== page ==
With these two characters, Guillermo del Toro brilliantly flips the script on us and subverts all our expectations about beauty and virtue. We normally expect a character’s outward appearance to match their inner character, but del Toro teaches us that physical beauty really is only skin deep. He shows with striking clarity that we should never judge people solely on how they look. Instead, as with the faun and Captain Vidal, we need to consider who they are on the inside, and when we do that, we’ll often find that our first impressions are entirely mistaken.
Crimson Peak was the first of Guillermo del Toro’s American drama films, and it’s about a young American woman named Edith Cushing who falls in love with Sir Thomas Sharpe, a British baronet who has come to the United States seeking investors for a new invention of his. They get married and move back to his gothic mansion in Britain where his sister Lucille also resides, and while there, Edith unravels a mystery about the Sharpe family that makes her stomach churn.
Throughout the film, Edith has numerous harrowing encounters with terrifying ghosts, and much like Pan’s Labyrinth, this movie also intentionally contrasts these hideous monsters with its handsome and charismatic lead. Thomas Sharpe is played by Tom Hiddleston, so he brings all the smooth charm and elegance to the role that you would expect, easily making Edith fall in love with him.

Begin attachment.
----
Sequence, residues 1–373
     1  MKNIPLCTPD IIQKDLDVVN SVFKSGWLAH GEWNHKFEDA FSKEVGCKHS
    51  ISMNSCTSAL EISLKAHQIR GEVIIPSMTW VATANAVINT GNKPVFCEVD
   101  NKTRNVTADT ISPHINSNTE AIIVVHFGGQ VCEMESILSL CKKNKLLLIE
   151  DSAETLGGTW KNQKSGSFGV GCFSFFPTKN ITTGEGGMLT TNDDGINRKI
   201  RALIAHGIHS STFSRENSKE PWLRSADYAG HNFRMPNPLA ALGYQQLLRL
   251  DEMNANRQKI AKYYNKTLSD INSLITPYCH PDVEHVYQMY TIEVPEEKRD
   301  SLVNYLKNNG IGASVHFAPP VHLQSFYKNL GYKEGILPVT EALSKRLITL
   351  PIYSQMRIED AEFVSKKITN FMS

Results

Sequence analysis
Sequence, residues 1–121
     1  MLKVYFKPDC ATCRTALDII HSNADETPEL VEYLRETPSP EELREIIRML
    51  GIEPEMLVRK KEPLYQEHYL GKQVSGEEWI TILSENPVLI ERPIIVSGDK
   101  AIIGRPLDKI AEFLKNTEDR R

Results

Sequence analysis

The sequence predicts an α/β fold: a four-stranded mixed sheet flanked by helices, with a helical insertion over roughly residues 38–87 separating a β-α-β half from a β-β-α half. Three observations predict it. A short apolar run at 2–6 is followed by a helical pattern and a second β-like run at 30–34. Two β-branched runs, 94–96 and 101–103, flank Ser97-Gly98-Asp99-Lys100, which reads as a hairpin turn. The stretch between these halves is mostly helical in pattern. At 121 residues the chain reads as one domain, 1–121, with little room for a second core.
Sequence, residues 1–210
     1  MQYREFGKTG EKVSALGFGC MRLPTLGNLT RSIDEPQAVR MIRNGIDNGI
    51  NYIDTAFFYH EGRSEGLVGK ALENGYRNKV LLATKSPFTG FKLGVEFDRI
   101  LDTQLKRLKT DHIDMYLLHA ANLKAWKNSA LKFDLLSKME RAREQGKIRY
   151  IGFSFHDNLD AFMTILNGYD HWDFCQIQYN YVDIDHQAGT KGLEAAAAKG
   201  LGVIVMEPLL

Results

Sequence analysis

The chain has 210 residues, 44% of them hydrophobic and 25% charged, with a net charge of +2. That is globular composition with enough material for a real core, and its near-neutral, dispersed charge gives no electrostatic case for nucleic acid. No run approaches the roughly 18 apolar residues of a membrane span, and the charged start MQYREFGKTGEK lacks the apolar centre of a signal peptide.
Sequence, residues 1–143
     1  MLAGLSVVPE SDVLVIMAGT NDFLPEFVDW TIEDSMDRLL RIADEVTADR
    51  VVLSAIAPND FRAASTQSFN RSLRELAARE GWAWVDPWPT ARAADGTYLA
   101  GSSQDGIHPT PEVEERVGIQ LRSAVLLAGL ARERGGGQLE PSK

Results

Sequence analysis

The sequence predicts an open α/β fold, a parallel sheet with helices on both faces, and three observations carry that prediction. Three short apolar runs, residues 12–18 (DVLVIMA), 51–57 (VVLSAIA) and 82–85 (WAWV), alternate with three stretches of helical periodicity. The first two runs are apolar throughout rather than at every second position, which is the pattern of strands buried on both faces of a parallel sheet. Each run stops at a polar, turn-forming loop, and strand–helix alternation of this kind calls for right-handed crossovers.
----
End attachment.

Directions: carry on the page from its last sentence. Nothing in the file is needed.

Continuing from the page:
In contrast, the ghosts in this film are absolutely horrifying. In fact, they look more like demons than mere ghosts, so it’s easy to think that Thomas is supposed to save his new bride from the evil spirits that have chosen her as their next target. But that couldn’t be further from the truth. Thomas and Lucille end up being the real villains of this movie, and the ghosts are actually trying to help Edith. Some of them warn her about the dangers she’ll face with the Sharpes, and others lead her to uncover the sickening truth about her new husband and his sister.
On top of all that, Crimson Peak also adds a little wrinkle to this theme, setting it apart from Guillermo del Toro’s other films. In the third act, Thomas repents of his evil ways and tries to make things right with Edith, and when Lucille finds out, she feels betrayed and murders him. She then sets her sights on her sister-in-law, but in the midst of their big fight, Thomas appears as a ghost and helps atone for his sins by distracting Lucille long enough for Edith to kill her.
With that ending, Guillermo del Toro encapsulates in a single character the theme of humans as bad guys and monsters as good guys. Thomas Sharpe starts out beautiful on the outside but ugly on the inside, and when he changes from villain to hero, he also loses all his good looks and turns into a hideous ghost. He spans both sides of this typical del Toro divide, so he’s a microcosm of the entire theme, emphasizing it further and expressing it in a unique way.
When we come to Guillermo del Toro’s action films, we find that they don’t express this theme nearly as clearly as his other movies. They all feature monsters as their antagonists, and Pacific Rim is no exception. It’s about giant monsters fighting giant robots, and the monsters are the bad guys in this story.